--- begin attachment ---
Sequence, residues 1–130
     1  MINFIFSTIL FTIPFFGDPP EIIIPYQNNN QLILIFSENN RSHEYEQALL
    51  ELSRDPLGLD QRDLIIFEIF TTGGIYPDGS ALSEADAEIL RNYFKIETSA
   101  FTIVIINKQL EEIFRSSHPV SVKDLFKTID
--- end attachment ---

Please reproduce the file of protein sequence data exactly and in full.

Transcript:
Sequence, residues 1–130
     1  MINFIFSTIL FTIPFFGDPP EIIIPYQNNN QLILIFSENN RSHEYEQALL
    51  ELSRDPLGLD QRDLIIFEIF TTGGIYPDGS ALSEADAEIL RNYFKIETSA
   101  FTIVIINKQL EEIFRSSHPV SVKDLFKTID